To these conditions John surprisingly agreed and more or less at once rose in rebellion against James III. His son Angus took the castle of Inverness and issued proclamations assuming the powers of an independent sovereign demanding obedience and taxes from the King’s subjects throughout the North. For some unknown reason Edward never supported this uprising and in 1474 a truce was formed between Scotland and England. Up until 1475 James III appears to have ignored the treachery of the Lord of the Isles but in December of that year John was summoned before the Scottish Parliament to answer charges of treason and other misdemeanours. Sitting comfortably in his great hall of Ardtornish he ignored the summons and was immediately declared forfeited. Eventually, however, he was pardoned and although stripped of the Earldom of Ross and lands in Kintyre and Knapdale, he retained his insular possessions; he was even made a peer and recreated Lord of the Isles. Highland sovereigns even although self-appointed were never easily tamed and soon trouble in the Isles flared up. How deeply John himself was involved will never be known, but it was decided by the Scottish Parliament that in 1493 the Lordship must finally and for all times be extinguished. In January 1494 John humbly appeared in Edinburgh and officially surrendered his titles. He received a pension from James IV and retired to the Monastery of Paisley where he died in 1498.

Throughout the 14th century the Macleans of Duart were merely vassals of the great Macdonald dynasty but when the Lords of the Isles were forfeited in 1493 they did a complete take over with Royal approval. Cadet branches of the Macleans occupied Ardtornish, Kin­lochaline and Drimnin but with the exception of the latter these properties were lost to the Earl of Argyll in the late 1600s. There are no records of a seige or an attack on the castle of Ardtornish during the Maclean ownership. It may simply have been abandoned in favour of the more defensible tower house at Kinlochaline, although its loss as a position of considerable strategic importance with regard to sea-borne traffic must have been a bitter one.

Traditional History.

To the northeast of the headland on which the castle rests is an impressive line of fragmented basalt cliffs where numerous small water­falls known as the ‘Morvern Witches’ lose themselves in mid stream and in a stiff southerly breeze are hurled upwards instead of cascading on the beech woods below. On the very highest point of the cliff face and not far from a sheep fank there is a large flat rock known locally as Creag nan Corp, ‘the rock of the corpses’ from which the bodies of those condemned by the chiefs of Ardtornish were thrown over onto the rocks below.

About 4Km inland from the head of Lochaline lies Loch Tearnait and on it an island which was once a sanctuary of secular origin, intimately associated with Ardtornish Castle. In common with other great chiefs the Macdonalds had the power to imprison and to hang. To these existing privileges the Lord of the Isles added the rights of sanctuary to men of the surrounding district accused of crimes. Conditional upon their first obtaining permission from the menage at Ardtornish in which event they might seek refuge on the island in Loch Tearnait, hence Tearnadh Ionaid, ‘place of escaping’ or ‘refuge’. The general route taken by the sanctuary-seekers after leaving Ardtornish was by way of the present footpath which follows more or less the course of the Rannoch River; sometimes however they were headed off and had to turn and take the eastward way over the Garbh Shlios by Eignaig, supposed to be derived from Aite eigin, ‘place of hardship and ill luck’. If the fugitives were caught before they could reach the island, they were taken to Cnoc nan Tighearnan, ‘hillock of the chiefs’ in sight of the loch where they were tried. If found to be guilty they were dragged down to Savary on the coast west of Lochaline and executed on Tom-na-Croich, ‘the knoll of hanging’.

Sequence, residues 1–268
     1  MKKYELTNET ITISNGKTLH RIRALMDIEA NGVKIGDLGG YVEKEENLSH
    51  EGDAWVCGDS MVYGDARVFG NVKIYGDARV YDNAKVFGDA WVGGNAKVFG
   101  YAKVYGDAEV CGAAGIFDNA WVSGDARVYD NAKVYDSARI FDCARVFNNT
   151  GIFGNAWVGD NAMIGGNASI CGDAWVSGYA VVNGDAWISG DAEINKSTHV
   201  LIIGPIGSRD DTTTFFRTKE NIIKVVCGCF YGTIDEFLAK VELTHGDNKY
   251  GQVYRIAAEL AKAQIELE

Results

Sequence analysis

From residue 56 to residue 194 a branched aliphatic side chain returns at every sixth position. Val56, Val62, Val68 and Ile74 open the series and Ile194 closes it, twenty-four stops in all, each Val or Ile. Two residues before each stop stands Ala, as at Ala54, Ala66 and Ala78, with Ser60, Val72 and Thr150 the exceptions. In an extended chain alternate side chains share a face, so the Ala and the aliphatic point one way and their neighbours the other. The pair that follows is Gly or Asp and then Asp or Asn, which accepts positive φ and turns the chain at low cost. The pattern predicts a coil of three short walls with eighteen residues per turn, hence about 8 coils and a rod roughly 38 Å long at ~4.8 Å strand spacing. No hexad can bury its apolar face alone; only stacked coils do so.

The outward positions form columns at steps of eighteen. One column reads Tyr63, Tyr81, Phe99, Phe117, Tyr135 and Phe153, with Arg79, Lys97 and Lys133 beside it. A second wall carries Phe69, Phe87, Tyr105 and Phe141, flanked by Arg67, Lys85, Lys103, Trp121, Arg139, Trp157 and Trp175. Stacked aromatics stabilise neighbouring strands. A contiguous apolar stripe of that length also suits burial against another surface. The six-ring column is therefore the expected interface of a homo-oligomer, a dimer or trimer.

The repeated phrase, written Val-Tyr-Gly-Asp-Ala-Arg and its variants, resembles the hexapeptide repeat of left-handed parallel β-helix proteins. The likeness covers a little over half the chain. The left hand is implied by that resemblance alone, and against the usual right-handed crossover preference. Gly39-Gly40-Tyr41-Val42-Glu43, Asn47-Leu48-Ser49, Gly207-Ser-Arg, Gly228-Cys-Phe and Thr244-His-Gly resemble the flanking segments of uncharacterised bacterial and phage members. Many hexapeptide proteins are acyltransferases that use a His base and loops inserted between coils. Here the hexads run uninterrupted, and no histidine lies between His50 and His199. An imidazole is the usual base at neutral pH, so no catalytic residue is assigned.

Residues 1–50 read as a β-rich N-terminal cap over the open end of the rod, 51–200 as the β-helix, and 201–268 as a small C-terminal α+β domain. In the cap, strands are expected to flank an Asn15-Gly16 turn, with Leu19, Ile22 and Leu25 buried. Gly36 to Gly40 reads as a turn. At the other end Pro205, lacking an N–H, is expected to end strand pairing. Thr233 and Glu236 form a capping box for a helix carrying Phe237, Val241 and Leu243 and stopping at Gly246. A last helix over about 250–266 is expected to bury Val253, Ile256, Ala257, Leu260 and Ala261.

The island is of artificial construction and is possibly a crannog or early lake dwelling. It is almost circular and measures 21.34m in diameter and about 1.52m in height. On a probable timber foundation of oak logs, stones of two types, Granite and Moine schist from opposite sides of the loch have been piled, each stone is no heavier than one man could handle. At one time there is said to have been a retaining wall with two places where a boat might be drawn up, also the remains of a rough shelter, both have now gone. On either side of the loch are causeways, one certainly is said to be linked to the island, the other may well be a modern fishing pier.

Having gained asylum on the island the fugitives had to remain there for the stipulated 48 hours. During that period they were nourished with fresh milk and cream from a few cows herded on a green sward to the north still known as Roinn na Banaraich, ‘the point of the dairymaid’. Standing on the hillside a little way above the loch is a cottage which has the reputation of being haunted, perhaps by an unfortunate escapee who swung on Tom-na-Croich!

Author’s Footnote:

Since submitting my paper on Ardtornish Castle I have had access to a small collection of historical notes from which has emerged the following which I consider to be of some relevance.

In the early part of 1915 it was reported in The Oban Times that workmen carrying out repair work on the building for Mr Craig Sellar, proprietor of the Ardtornish Estate, came upon a landing and sloped passage in the thickness of the wall in the north-west corner which seemed to indicate the existence of a west wing to the keep. It was also discovered that the interior face of the south wall, instead of being straight, was in the shape of two flat curves, the window being between the two.

In the summer of 1800 the Hon. Mrs Murray of Kensington, a travelling journalist, paid a short visit to Ardtornish where she stayed with the proprietor John Gregorson. In her journal she records an interesting find:

Within a few years, I forget how many, 3 workmen were digging near the ruins and found an enormous key the length of which was at least a yard, and the breadth of the wards more than a foot. In short, it was a wonderfully large key and so heavy that one man could but just carry it. This surely must have been the master key of the Castle buried underground for ages. The key was carried to the house, but unfortunately at that time Mr Gregorson was from home. His lady saw it and concluded the workman would deposit it safely till her husband returned. Alas! It was not so but he carried it directly to the smith’s shop and had it melted-down. When the key was called for the workman answered he though it a great pity such fine iron should remain useless he therefore had made tools of it!”

These references to a passage and west wing in addition to the probable existence of a massive entrance door both now completely obliterated are a clear indication that the present day structure is, alas, not much more than a grandiose Edwardian “folly”. -I.T.

© Copyright reserved by Iain Thornber, Ardtornish, Morvern, via Oran, Argyll. Author of “Castles of Morvern.”